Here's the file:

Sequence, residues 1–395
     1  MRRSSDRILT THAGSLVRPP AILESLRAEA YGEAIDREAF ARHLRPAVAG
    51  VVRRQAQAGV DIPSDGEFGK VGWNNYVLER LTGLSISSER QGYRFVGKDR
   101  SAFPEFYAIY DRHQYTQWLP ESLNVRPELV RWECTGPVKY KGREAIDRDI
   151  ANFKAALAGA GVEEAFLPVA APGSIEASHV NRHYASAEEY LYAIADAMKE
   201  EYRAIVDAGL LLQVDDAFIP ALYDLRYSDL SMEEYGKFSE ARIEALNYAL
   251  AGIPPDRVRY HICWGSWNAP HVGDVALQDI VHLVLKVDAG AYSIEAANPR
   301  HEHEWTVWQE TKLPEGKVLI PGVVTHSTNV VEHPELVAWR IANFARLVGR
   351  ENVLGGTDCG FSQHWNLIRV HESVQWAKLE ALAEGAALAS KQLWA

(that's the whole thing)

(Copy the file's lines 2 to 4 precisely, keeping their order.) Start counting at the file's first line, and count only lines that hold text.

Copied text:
     1  MRRSSDRILT THAGSLVRPP AILESLRAEA YGEAIDREAF ARHLRPAVAG
    51  VVRRQAQAGV DIPSDGEFGK VGWNNYVLER LTGLSISSER QGYRFVGKDR
   101  SAFPEFYAIY DRHQYTQWLP ESLNVRPELV RWECTGPVKY KGREAIDRDI